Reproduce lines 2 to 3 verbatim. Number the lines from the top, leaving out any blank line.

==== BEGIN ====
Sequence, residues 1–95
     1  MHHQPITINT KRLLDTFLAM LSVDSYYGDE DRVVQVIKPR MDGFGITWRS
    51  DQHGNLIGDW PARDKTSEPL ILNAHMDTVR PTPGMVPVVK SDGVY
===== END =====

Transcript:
     1  MHHQPITINT KRLLDTFLAM LSVDSYYGDE DRVVQVIKPR MDGFGITWRS
    51  DQHGNLIGDW PARDKTSEPL ILNAHMDTVR PTPGMVPVVK SDGVY